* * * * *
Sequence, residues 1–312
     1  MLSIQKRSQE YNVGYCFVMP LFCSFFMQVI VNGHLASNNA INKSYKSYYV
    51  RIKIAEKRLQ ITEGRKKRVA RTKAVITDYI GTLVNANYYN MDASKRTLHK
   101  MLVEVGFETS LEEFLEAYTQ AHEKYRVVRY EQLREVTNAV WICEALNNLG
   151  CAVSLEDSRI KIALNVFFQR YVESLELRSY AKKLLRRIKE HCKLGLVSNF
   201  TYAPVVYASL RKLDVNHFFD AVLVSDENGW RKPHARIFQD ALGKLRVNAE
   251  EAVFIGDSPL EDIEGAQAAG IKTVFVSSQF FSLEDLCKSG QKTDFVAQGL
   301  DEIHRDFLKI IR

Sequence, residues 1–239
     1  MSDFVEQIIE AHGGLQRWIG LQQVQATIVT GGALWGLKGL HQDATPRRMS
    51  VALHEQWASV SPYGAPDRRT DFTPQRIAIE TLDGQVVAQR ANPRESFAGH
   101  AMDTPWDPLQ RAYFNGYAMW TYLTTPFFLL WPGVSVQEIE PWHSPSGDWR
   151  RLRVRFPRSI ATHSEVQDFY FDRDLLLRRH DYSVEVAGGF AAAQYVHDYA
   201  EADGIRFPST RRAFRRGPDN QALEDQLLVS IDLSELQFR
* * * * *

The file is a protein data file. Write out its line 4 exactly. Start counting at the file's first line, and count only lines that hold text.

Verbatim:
   101  MLVEVGFETS LEEFLEAYTQ AHEKYRVVRY EQLREVTNAV WICEALNNLG